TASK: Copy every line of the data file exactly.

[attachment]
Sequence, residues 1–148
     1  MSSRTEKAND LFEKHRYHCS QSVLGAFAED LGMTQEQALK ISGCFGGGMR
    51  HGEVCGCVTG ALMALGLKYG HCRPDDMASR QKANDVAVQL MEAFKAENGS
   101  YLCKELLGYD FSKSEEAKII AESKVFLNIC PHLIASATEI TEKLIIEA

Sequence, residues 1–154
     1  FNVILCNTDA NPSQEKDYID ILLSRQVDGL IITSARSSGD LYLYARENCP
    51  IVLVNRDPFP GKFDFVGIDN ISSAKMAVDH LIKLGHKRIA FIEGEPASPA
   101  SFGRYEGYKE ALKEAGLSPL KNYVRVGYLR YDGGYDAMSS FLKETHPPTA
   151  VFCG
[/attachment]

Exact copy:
Sequence, residues 1–148
     1  MSSRTEKAND LFEKHRYHCS QSVLGAFAED LGMTQEQALK ISGCFGGGMR
    51  HGEVCGCVTG ALMALGLKYG HCRPDDMASR QKANDVAVQL MEAFKAENGS
   101  YLCKELLGYD FSKSEEAKII AESKVFLNIC PHLIASATEI TEKLIIEA

Sequence, residues 1–154
     1  FNVILCNTDA NPSQEKDYID ILLSRQVDGL IITSARSSGD LYLYARENCP
    51  IVLVNRDPFP GKFDFVGIDN ISSAKMAVDH LIKLGHKRIA FIEGEPASPA
   101  SFGRYEGYKE ALKEAGLSPL KNYVRVGYLR YDGGYDAMSS FLKETHPPTA
   151  VFCG